SEPSIS STORIES: THOMAS

Share this story

Thomas Snell, or ‘Snelly’ as he was affectionately known, was a popular, bright and mature 13 year old from the Northern Territory. A natural and talented athlete – and winner of many ‘Best and Fairest Awards’ – Thomas played cricket, AFL and rugby union, and could often be found outdoors, fishing, skiing, or bike-riding, or perfecting his cricket bowling skills. He was an animal lover and would spend countless hours with his dogs, pigs and his chickens, Blackie and Oprah.

Thomas at home in Acacia Hills, NT

 

Thomas was a keen and talented rugby player

 

In late June 2017, Thomas was in Brisbane, representing the Northern Territory in the Queensland Rugby Union Junior State Championships. Several of Thomas’ teammates had contracted the flu, and he became unwell the night before a game. A GP visit determined Thomas was suffering from ‘gastro’. He was sent home with tablets and advised to rest, but his condition quickly deteriorated – his breathing becoming shallow, and his skin discoloured.

Only five hours after seeing the GP, Thomas was taken to Brisbane’s Lady Cilento Children’s Hospital. He was already in complete organ failure.

 

Thomas spent the next three weeks on a distressing rollercoaster ride in the hospital’s intensive care unit (ICU), being placed on two consecutive ECMO life support machines, and fighting very hard to survive. His lungs were damaged from pneumonia and ongoing infections that had triggered septic shock, and he was facing amputation of his hands and legs. This time was incredibly difficult for Thomas and his family.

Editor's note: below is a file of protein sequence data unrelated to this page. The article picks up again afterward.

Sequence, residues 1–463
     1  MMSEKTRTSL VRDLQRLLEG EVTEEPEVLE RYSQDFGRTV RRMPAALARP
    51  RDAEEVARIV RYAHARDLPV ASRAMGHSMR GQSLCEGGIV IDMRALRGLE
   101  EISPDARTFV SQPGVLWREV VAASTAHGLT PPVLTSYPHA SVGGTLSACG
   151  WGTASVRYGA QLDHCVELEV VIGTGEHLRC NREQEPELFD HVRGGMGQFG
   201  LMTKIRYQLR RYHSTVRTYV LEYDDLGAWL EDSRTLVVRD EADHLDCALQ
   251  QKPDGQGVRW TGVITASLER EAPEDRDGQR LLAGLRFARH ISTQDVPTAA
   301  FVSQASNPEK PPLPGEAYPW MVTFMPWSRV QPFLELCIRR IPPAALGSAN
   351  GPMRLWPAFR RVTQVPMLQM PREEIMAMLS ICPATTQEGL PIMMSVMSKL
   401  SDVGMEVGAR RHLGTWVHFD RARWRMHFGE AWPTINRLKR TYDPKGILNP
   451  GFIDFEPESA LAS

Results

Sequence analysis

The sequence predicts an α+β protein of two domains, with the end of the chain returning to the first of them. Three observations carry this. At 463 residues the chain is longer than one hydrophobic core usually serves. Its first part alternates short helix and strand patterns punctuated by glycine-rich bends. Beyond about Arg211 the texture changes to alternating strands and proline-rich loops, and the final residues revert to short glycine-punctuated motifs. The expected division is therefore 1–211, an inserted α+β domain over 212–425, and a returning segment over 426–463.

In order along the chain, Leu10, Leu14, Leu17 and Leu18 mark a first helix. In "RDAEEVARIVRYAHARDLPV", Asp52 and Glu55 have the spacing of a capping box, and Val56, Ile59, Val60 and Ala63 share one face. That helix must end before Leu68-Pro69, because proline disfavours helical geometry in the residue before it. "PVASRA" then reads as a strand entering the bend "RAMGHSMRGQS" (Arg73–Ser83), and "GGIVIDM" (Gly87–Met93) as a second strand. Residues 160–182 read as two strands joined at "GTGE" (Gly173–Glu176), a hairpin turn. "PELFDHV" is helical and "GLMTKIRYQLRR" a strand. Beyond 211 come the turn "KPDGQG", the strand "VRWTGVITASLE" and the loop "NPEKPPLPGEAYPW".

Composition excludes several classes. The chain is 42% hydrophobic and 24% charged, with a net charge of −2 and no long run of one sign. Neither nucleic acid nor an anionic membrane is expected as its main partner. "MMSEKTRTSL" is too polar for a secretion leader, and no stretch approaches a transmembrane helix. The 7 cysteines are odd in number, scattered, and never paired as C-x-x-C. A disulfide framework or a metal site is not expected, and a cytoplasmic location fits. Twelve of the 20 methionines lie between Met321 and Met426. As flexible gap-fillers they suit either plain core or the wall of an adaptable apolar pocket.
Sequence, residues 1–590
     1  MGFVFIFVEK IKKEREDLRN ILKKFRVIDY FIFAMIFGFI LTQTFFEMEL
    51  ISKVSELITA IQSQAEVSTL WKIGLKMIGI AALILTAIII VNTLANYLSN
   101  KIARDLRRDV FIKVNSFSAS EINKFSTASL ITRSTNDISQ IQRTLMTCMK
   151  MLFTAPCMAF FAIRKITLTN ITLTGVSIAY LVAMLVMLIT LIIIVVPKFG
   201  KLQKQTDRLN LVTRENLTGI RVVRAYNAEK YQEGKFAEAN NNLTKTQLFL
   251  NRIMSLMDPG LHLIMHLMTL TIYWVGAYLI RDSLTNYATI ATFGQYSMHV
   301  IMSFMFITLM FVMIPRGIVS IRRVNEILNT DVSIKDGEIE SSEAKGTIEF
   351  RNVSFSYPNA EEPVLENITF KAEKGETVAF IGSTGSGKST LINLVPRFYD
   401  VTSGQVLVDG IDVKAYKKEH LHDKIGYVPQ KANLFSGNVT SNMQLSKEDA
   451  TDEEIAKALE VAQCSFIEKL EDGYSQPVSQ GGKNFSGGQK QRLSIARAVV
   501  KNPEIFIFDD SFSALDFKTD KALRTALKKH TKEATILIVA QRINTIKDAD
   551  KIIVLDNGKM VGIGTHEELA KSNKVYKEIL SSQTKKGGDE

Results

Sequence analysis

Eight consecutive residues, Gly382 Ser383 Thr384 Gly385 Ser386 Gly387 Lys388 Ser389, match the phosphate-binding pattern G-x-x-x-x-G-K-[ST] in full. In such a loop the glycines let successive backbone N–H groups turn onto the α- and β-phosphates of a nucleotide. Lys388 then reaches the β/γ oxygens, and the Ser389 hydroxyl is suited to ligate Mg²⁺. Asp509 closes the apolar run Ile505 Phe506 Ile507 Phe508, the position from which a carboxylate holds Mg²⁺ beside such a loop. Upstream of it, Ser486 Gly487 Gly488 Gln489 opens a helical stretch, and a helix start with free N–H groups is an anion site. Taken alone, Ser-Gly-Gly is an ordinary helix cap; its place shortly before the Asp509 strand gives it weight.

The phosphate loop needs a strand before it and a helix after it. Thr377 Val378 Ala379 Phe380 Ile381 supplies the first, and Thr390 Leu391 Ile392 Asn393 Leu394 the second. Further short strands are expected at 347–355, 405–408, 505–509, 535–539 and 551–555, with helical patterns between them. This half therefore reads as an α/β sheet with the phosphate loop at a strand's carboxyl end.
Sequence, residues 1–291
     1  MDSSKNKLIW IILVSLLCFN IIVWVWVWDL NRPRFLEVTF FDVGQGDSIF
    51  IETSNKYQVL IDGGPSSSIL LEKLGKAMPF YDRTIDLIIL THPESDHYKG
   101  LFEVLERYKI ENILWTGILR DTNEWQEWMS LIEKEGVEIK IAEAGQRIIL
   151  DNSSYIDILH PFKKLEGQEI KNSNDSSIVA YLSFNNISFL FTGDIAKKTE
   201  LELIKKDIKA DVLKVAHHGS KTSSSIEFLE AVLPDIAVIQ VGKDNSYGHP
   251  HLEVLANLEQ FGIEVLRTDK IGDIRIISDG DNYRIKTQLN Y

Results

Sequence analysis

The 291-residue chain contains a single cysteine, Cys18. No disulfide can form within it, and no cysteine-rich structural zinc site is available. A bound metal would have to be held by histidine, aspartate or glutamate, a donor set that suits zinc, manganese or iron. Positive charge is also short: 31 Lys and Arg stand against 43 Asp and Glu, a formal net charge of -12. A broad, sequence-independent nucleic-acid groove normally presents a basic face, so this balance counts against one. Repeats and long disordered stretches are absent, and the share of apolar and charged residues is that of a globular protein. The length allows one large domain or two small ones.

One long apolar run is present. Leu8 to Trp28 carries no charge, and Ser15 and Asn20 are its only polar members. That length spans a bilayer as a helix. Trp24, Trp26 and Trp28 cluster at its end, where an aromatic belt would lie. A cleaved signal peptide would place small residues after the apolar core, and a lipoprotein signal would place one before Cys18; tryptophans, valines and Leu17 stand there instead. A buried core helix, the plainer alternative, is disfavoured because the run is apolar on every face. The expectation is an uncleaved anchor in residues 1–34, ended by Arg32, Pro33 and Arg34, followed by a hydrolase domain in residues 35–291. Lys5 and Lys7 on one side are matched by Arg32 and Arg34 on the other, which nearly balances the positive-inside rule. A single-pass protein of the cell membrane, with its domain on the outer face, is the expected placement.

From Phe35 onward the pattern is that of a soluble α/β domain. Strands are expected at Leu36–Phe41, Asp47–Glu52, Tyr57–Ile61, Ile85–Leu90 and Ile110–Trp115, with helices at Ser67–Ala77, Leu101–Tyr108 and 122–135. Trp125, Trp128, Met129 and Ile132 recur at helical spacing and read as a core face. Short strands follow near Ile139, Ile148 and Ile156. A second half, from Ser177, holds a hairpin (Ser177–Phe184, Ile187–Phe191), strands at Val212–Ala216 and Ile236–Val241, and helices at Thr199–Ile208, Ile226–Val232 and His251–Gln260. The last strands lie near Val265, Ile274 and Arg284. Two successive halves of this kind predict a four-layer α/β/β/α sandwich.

Twenty days after being admitted to the ICU, Thomas’ condition had deteriorated even further. Hi parents, together with his medical team, made the devastating decision to turn off his life support.

When the time came to turn off his life support machines, Thomas was wheeled outside on his hospital bed and took his last breaths as the sun set. His parents were by his side.

 

Thomas (front) with his family in 2016

 

Almost a year after Thomas’ death, his family is still coming to terms with the loss of their son and brother, who they will always remember as loyal and humble, with a contagious laugh and dry sense of humour. The backyard cricket pitch where Thomas spent countless hours is now his resting place, and a special space for his family.

 

Thomas’ parents, Amanda and Phillip, are passionate about promoting sepsis awareness, so that no other family has to experience the loss they and Thomas’ younger brother now live with. They have established a foundation in memory of Thomas, and are campaigning to raise funds and increase public education about sepsis.

 

You can read more about Thomas’ life, and follow and share his family’s progress on the
T for Thomas website, Facebook, or Twitter.